PRESIDENT Bush's delay of action on the $10 billion loan guarantee to Israel should be understood in terms of how it translates in the Arab mind; how it affects the image of the United States in an area that is rich in resources and vital to US interests; and how this symbolic act might help the peace process.Since the Gulf war, the leaders of the countries that allied themselves with the US have tried very hard to change America's image in Arab eyes. They have worked diligently to present America as an honest broker rather than a party always biased in favor of Israel. Yet they have been faced with a populace which holds four distinct ideas about America: 1. US foreign policy concerning the Middle East is formulated in Israel, not in Washington. 2. The US does not see any moral offense in confiscating Arab lands, the destruction of Palestinian houses, or the daily killing of Palestinian youths and children. In fact, these acts are committed with American blessings and financed with American money. It is a common view in the Middle East that Israel not only cannot finance the occupation alone, but it cannot even feed itself. Indeed, if the aid that Israel gets from the US every year were distributed to each Israeli citizen, that income alone ($1, 000) would be higher than the per capita income of most Arab countries. The annual per capita income in the Sudan, for instance, is $300 and in Egypt it is $500. 3. Any negotiations with the US as a participant are actually going to be negotiations between the conservative wing of Likud and the liberal wing of the same party. That is, the position of the liberal Israelis (the Labor Party) is more sensitive to the Palestine need for a home than the American position is. 4. Even with the liberal changes in the Soviet Union, the US is still willing to see Jewish emigrants as people who are fleeing oppression and potential holocaust. Yet when it comes to the suffering of Palestinian Arabs, America looks the other way. All of these concepts are based on observable evidence. Against these strongly held views, Middle Eastern leaders are trying to convince their populace that the US is neutral. Thus the president's symbolic act of delaying action on the loan guarantee has helped as a face-saving mechanism for those who support a greater American role in the Middle East. With Bush's statement in hand, Arab allies may be able to convince an increasingly restive public that the US sees the confiscation of land as immoral and that consequently it is not willing to finance it. Since Baker's first visit to the area last March, the Israeli government has confiscated 35,000 acres of Palestinian land, which many Arabs see as evidence of America's continued tacit support for Israel, no matter how illegal its actions. The president's action indicates to Arabs that contrary to their previous conceptions, America's Middle East policy is formed in Washington, not Tel Aviv, and that America is capable of taking a moral stand against further confiscation of Arab land. It is against both the old imperialist image of the US in the Middle East and the necessity of peace that the delay of the loan guarantees should be judged - not against Israeli anxiety. After all, Israeli anxiety over the so-called "crisis of confidence between the US and Israel," although understandable, has no bearing in reality. If the US commitment to the state of Israel for the last 40 years has not convinced some hard-line Israelis and American Jews, will the immediate granting of the loans suddenly convince them? In addition, it is important to note that the president did not refuse such a loan guarantee; instead, he asked for a delay until January. In fact, some Arabs believe that after January the US will allow the money to go through, new settlements will be built, and Arabs then will have to negotiate the future of Jordan, not the occupied territories. For those who are dissatisfied with the president's move, it is imperative to understand that a semi-neutral US position is necessary for the peace process. It is only through gestures similar to the president's stance that the world's 180 million Arabs and 1 billion Muslims could be convinced that the "new world order" is moral and fair, and that there is some hope that such an order stands for the rights of the poor of the third world rather than blatant support for whomever is most Western and most te chnically advanced.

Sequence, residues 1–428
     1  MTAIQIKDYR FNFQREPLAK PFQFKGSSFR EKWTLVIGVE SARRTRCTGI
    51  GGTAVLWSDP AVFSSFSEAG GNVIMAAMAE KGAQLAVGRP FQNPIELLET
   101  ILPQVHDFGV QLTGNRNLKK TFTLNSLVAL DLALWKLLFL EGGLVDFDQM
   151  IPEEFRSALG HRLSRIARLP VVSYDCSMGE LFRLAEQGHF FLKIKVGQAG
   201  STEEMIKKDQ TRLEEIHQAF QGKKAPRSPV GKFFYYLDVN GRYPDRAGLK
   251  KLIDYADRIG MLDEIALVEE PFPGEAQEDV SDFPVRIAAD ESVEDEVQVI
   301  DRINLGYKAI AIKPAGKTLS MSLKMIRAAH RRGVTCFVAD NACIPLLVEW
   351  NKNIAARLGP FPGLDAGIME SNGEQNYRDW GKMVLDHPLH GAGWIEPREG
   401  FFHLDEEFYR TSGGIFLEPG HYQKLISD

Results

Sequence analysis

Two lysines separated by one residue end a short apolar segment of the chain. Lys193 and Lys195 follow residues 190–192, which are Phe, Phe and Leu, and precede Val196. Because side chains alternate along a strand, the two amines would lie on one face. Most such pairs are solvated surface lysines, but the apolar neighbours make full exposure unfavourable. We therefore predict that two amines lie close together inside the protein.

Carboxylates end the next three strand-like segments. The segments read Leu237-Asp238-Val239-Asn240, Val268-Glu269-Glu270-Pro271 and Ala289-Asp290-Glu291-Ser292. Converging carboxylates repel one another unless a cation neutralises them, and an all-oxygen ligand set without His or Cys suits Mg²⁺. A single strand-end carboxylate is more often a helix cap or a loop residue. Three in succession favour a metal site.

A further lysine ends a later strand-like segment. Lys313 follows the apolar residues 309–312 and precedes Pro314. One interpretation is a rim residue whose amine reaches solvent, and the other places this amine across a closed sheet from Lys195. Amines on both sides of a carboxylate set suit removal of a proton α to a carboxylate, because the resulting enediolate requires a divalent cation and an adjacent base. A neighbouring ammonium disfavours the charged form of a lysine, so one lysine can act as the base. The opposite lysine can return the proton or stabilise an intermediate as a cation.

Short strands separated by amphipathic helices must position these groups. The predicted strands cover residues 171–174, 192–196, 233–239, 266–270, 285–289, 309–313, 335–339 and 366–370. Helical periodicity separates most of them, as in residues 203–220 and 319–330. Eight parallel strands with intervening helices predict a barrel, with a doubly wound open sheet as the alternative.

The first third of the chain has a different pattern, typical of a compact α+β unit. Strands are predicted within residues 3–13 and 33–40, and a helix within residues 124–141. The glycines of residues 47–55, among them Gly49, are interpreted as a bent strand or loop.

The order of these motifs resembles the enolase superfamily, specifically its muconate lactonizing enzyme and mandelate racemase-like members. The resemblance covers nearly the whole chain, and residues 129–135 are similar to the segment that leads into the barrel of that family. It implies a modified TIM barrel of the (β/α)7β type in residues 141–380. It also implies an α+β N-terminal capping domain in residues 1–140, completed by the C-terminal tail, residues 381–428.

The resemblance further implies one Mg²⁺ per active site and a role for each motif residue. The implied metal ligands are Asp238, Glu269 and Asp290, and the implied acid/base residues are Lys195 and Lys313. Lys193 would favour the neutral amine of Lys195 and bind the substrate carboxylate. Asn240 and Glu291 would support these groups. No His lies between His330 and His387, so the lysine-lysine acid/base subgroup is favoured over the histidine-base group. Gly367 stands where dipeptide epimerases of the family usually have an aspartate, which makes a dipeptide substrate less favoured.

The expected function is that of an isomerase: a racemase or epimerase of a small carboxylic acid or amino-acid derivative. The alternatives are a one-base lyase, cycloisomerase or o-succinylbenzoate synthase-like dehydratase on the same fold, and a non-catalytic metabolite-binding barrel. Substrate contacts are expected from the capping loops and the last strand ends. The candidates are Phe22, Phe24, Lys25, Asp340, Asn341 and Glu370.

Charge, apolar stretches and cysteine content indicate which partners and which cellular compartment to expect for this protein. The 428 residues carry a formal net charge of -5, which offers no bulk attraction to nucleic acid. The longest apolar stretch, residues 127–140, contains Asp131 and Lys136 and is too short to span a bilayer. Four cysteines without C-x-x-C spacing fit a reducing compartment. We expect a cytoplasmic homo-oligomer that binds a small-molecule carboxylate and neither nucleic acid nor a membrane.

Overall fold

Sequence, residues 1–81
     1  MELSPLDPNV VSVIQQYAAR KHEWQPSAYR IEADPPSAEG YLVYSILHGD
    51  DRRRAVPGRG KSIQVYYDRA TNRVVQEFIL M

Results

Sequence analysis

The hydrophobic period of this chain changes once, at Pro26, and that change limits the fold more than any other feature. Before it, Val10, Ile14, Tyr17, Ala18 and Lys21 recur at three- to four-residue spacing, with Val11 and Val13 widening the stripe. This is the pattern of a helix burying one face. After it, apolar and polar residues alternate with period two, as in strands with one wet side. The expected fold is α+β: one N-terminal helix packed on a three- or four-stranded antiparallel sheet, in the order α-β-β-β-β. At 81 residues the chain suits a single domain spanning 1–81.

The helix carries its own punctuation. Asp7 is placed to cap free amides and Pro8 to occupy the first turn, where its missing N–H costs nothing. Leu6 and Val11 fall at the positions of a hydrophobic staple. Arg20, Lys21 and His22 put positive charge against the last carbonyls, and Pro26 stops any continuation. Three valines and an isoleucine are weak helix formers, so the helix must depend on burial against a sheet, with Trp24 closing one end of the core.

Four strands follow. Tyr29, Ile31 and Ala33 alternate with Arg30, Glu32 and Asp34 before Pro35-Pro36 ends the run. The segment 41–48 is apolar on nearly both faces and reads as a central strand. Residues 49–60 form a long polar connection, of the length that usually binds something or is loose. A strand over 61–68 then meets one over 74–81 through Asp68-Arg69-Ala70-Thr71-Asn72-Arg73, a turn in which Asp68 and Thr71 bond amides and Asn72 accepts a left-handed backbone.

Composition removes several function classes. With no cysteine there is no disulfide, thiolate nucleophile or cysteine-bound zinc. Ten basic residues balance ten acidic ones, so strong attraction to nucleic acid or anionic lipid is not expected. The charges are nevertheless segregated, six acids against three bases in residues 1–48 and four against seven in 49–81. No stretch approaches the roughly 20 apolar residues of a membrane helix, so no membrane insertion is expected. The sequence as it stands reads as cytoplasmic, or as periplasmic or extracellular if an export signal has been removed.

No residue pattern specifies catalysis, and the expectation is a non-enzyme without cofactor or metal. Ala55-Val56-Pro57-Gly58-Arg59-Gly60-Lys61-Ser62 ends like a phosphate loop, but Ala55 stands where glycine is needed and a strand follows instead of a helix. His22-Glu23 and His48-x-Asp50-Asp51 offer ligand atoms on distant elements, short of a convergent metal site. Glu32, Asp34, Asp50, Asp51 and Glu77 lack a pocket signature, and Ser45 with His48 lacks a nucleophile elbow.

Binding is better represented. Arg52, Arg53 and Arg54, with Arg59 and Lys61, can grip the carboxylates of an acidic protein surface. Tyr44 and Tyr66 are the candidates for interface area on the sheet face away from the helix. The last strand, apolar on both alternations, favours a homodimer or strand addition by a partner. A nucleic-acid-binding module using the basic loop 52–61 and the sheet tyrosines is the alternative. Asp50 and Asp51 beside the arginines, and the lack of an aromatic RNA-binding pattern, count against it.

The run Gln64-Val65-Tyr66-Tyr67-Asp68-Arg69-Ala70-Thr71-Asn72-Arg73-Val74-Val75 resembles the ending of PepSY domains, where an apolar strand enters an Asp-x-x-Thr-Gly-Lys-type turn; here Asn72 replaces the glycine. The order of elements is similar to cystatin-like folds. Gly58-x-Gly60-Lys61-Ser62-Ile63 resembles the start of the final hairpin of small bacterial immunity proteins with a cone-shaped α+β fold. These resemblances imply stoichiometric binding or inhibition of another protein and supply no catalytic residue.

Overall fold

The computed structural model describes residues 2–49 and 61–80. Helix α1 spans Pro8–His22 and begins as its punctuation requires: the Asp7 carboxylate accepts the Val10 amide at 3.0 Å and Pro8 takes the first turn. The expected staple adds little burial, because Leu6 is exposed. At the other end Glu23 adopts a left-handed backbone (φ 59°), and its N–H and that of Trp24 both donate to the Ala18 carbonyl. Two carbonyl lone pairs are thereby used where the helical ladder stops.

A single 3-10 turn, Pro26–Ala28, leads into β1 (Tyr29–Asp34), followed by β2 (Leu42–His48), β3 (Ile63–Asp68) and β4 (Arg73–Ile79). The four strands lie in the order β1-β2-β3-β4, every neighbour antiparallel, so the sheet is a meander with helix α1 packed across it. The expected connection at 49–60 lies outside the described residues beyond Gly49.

Mamoun Fandy, an analyst of Middle Eastern affairs, lives in Carbondale, Ill.